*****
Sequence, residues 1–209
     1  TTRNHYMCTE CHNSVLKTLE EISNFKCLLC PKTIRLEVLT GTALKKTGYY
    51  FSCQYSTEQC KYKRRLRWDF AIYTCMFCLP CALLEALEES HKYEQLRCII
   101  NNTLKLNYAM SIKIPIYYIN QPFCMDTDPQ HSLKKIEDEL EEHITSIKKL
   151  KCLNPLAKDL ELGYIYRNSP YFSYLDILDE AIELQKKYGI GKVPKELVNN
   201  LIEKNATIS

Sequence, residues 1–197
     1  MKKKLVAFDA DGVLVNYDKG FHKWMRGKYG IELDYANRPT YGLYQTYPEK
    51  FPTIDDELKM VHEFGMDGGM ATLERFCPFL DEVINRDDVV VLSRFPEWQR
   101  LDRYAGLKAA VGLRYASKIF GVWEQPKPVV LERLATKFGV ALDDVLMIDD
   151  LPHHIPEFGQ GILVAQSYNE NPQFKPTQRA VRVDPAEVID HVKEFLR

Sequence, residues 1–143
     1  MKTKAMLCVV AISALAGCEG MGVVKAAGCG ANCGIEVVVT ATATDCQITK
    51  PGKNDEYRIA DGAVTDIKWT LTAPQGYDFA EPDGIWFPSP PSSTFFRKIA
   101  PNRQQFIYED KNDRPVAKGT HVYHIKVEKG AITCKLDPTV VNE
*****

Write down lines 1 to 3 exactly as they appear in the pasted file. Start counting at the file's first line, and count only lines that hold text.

Sequence, residues 1–209
     1  TTRNHYMCTE CHNSVLKTLE EISNFKCLLC PKTIRLEVLT GTALKKTGYY
    51  FSCQYSTEQC KYKRRLRWDF AIYTCMFCLP CALLEALEES HKYEQLRCII